NICHOLASVILLE, Ky. — Tom Beall had no idea that he was buying a piece of American history when he purchased a scenic tract of land along the Kentucky River in 1994.
Beall called it “a fluke” that he discovered the historical significance of the property on the border of Jessamine and Garrard counties.
Beall just loved the breathtaking view of the valley overlooking a big bend in Kentucky River.
“I was gonna put an A frame [house] right there,” Beall said, pointing to the spot where his winery now sits.
First Vineyard & Winery recently was certified by the U.S Department of the Interior as the nation’s first commercial vineyard and winery. The certification places the winery, which was incorporated 216 years ago, on the National Register of Historic Places.
“What an honor to be a steward for this place, to share this story,” Beall said in a story that appeared in The Lane Report. “What a thrill to help put Kentucky on the map for wine.”
On a recent Friday visit, the winery’s pavilion was being decorated for a reception after an outdoor wedding planned the following day alongside the picturesque vineyard. Last year, First Vineyard hosted 23 weddings.
“I didn’t know about the winery and vineyard being here until 2002,” Beall said.
A friend, neighbor Don Graham, and his son were doing some research about the origin of the American wine industry. Beall had no interest in wine then. Even now, he rarely drinks a glass.
The Grahams came across a book in Bloomington, Indiana, that said the nation’s first commercial winery was located at a big bend in the Kentucky River. Recognizing that was his neighbor’s property, Graham bought the book, brought it home, and called Beall.
“Don called and said, ‘You need to come over; I’ve got something to show you.’” Beall said. “I was in the middle of doing something and didn’t want to stop. But he said, ‘No, you really need to see this.’”
“If it wouldn’t have been for him [Graham], this would’ve been lost to history,” Beall said. “It’s not like I’m a big wine aficionado; I don’t drink much. I just love history.”
First Vineyard offers a selection of Kentucky Proud varieties and vintages sold under the J.J. Dufour label.
Beall said the Kentucky Proud label gives his wines an advantage over out-of-state competition.
“A lot of Kentuckians look for things make in Kentucky,” he said. “They feel good about buying it, so they’re willing to pay a little more to get something made here.”
Beall and his wife, Bobbye, trademarked the name “First Vineyard” and spent thousands of hours over four years researching the history of First Vineyard, the name given it by founder John James Dufour.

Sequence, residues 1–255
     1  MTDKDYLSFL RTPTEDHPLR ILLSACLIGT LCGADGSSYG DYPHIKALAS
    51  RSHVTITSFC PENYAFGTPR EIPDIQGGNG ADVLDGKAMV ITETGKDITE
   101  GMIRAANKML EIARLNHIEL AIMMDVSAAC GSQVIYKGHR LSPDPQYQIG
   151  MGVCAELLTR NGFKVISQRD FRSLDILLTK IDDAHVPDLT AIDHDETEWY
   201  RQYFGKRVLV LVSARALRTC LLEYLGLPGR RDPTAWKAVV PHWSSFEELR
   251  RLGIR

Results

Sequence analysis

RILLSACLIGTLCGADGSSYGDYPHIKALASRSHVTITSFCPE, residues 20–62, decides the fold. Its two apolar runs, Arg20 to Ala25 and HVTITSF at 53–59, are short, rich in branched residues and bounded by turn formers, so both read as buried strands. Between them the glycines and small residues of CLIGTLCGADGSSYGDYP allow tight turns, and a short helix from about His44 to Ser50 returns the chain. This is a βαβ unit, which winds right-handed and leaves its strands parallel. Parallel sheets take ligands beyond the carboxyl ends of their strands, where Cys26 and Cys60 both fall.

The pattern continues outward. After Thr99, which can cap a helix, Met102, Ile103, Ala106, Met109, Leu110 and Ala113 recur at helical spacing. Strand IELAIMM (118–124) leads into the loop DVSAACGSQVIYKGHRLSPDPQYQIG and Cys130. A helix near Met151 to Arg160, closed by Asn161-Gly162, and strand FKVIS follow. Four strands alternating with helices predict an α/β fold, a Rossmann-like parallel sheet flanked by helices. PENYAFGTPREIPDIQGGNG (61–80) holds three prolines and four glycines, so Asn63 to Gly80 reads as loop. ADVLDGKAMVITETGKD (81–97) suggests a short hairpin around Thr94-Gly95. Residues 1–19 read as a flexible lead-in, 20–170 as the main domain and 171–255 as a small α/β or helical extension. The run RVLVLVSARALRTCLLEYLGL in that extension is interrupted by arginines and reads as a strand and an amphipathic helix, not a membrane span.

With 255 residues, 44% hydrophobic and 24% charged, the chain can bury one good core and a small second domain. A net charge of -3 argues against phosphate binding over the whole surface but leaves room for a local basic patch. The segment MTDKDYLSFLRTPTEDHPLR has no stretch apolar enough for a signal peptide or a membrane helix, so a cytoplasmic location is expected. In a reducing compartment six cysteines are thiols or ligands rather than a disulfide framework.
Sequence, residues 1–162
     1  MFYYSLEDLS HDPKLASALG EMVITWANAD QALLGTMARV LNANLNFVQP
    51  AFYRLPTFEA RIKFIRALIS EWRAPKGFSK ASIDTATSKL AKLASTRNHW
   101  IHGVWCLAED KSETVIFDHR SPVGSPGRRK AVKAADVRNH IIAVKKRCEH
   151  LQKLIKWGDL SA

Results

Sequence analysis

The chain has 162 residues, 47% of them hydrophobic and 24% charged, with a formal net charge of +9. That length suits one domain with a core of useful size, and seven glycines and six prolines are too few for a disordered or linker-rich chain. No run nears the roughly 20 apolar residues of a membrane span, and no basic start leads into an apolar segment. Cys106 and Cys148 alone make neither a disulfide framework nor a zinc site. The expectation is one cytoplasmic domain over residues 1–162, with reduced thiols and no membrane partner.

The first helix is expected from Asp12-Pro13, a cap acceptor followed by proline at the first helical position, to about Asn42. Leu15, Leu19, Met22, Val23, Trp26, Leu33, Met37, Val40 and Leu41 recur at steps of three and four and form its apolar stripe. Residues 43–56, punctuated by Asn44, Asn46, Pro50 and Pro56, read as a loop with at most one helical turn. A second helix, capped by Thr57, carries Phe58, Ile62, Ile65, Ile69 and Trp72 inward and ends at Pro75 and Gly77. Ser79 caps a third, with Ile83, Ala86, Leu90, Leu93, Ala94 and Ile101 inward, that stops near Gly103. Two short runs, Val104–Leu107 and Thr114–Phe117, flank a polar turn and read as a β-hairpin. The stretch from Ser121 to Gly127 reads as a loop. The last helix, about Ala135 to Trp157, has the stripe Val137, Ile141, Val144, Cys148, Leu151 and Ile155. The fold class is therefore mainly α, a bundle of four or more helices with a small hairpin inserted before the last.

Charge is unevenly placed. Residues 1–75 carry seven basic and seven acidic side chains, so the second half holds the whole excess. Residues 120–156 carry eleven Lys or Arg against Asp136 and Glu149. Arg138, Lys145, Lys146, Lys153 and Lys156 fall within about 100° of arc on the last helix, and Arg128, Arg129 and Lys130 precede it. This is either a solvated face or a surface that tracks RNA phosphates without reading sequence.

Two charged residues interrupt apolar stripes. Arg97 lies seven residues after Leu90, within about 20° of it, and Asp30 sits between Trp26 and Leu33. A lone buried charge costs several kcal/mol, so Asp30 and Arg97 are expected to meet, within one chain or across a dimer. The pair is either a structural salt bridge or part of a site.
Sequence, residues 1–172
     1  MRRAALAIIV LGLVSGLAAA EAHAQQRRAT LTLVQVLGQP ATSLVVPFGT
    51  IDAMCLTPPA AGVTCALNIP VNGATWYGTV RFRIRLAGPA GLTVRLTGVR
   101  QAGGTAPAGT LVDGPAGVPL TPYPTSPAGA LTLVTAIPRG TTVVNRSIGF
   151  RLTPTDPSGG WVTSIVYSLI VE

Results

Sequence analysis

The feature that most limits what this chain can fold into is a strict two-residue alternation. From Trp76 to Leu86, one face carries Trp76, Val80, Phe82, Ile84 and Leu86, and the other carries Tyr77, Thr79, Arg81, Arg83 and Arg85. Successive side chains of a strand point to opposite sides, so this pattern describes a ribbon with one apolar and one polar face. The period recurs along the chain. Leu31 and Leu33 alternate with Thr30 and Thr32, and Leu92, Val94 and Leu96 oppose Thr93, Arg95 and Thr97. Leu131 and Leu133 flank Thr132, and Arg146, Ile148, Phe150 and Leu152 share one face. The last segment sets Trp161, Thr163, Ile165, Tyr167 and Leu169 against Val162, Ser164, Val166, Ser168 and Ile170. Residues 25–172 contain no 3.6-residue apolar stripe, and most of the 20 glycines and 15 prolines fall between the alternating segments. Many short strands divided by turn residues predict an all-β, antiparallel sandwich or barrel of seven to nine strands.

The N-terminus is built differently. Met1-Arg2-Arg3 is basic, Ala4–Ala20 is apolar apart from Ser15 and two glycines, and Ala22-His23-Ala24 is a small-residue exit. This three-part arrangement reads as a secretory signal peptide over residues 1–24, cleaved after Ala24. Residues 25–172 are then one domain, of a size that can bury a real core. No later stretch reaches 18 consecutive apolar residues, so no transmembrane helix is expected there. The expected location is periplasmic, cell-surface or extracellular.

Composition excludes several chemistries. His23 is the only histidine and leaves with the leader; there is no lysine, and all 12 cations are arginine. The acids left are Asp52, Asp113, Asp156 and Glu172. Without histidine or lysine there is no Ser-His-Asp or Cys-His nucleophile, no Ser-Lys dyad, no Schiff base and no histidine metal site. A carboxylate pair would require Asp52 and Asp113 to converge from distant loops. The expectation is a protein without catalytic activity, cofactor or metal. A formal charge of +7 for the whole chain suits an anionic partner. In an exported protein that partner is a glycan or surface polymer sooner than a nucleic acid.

Beall painstakingly restored the vines of Concord, Diamond, Norton, and Alexander grapes on the original terraces skillfully carved out of the hillside by Dufour. Beall, who owned the Jessamine County construction company Kentucky Builders Inc. for more than 25 years, surveyed the terraces and found they were perfectly level.
The foundation of the original winery still stands at the bottom of the hill near the riverside. One end is rounded, which was the location of the large vat, while the other end housed the wine press.
Numerous excavations by Beall on the property, bordered by a dry limestone fence common to central Kentucky, turned up a vinedressers’ medal likely belonging to Dufour, the business end of one of Dufour’s grape-cultivating hoes, and the iron remains of a harness revealing that Dufour used light-stepping goats to pull his grape carts during harvest.
Framed on a wall inside the winery’s small tasting room are copies of the first survey of the land done by famed explorer Daniel Boone in 1785; a deed granted by Patrick Henry, then governor of Virginia, which Kentucky was a part of until it became a state in 1792; and a letter from then-President Thomas Jefferson thanking him for wine made on the premises.
Now Beall, who is in his fifth year as a colon cancer survivor after undergoing surgery and chemotherapy, has a dilemma. He Bobbye are both retired and have no children, so there are no heirs to carry on First Vineyard.
“I’d like to find a buyer to take care of it into perpetuity and keep it open to the public,” Beall said. “The state should buy it, put in a bigger winery, and make it into a museum so people could walk on the land that Daniel Boone surveyed and see where it [American wine industry] all started.”